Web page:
Sometimes, life happens, and you wind up with a forgotten password in Windows and have to break into the system. The below article was written for Windows l0, but the creation of an administrator account by copying some critical files about 1/3rd of the way down the page works in Windows 7 as well. All you need is a boot USB to enter Windows PE mode (or you can boot into Linux and do the same thing).
Thankfully, the process of recovering your password in Windows 10 is much the same as it has been in Windows 8 and above, albeit with a few slight tweaks. Here’s how you can recover both your Microsoft Live 10 login, as well as the credentials for any other users registered with the local machine.
~ How to Reset Your Forgotten Password in Windows 10
The short of it:
- Boot into Windows PE (or Linux).
- Navigate to the OS drive (mount it if in Linux and cd to where you mounted it).
- Change into the Windows\System32 directory.
- Rename Utilman.exe to Utileman.exe.bak.
- Copy cmd.exe to Utilman.exe.
- Reboot into Windows.
- When it comes to the login screen, click on the Accessibility button. This will open a command prompt.
- Create a new user. For example: net user John /add
- Add new user to local administrator group. For example: net localgroup Administrators John /add
- Login as the new user. You now have free reign to enable the built-in Administrator account, or change passwords on local accounts.
- Don’t forget to copy the Utilman.exe.bak back to Utilman.exe and cleanup the temporary account.
I’ve actually had dreams (nightmares?) lately about Microsoft license activation, believe it or not, as it is such a pain in the ***. Both Microsoft Windows and Microsoft Office can get to the point where they cannot or will not talk to the KMS server and grab a license for one reason or the other. So, this is how to force the issue when you have enterprise versions of this software.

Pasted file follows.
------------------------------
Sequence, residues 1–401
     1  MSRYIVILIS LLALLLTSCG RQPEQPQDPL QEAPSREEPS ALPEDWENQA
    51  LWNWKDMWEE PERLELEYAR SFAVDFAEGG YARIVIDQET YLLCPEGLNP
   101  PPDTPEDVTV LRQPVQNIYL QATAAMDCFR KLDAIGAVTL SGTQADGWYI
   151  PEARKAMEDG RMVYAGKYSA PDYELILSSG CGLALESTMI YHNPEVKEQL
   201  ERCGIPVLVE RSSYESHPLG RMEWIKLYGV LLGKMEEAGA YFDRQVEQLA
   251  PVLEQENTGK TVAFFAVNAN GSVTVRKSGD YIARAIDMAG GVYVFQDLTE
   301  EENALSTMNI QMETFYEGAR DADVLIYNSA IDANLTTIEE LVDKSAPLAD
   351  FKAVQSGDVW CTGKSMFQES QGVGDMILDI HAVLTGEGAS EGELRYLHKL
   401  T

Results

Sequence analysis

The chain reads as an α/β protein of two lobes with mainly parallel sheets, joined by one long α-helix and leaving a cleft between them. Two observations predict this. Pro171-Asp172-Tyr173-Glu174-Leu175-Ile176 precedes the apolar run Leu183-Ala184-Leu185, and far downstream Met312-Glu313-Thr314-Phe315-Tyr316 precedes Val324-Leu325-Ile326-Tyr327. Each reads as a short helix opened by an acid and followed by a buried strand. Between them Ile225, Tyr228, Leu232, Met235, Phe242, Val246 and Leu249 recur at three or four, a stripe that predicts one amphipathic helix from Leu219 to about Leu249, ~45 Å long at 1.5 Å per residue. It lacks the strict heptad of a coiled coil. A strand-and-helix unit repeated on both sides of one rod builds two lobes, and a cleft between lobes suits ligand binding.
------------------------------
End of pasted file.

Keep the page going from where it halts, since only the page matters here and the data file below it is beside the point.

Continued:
One scenario is where Windows quits talking to the KMS server, goes beyond the grace period and then declares that this copy of windows is not genuine. You can try to activate it, but it will refuse because it is out of the grace period. Of course, it is outside of the grace period because it did not activate, so this causes a bit of a catch-22.
The way to break out of the cycle is to extend the grace period. You do this via the “rearm” command. For example, open a command prompt with elevated privileges and type:
That will rearm activation, thus extending the grace period, and then activate windows (it assumes KMS is online).
It’s surprising that Windows 7 still does not have a way to automatically mount ISOs in Windows. Fortunately, it is built into Windows 8+, but other operating systems have had this capability for some time now. For Windows 7 and below, however, you need a third party utility. Continue reading “Review: Mount ISOs In Windows Using WinCDEmu”
I ran into an interesting problem the other day when someone’s Windows 7 taskbar would not autohide in spite of being set to do so. This was definitely a problem I had to google for a solution, since I had never ran across this type of issue before. Continue reading “Windows 7 Taskbar Won’t Autohide”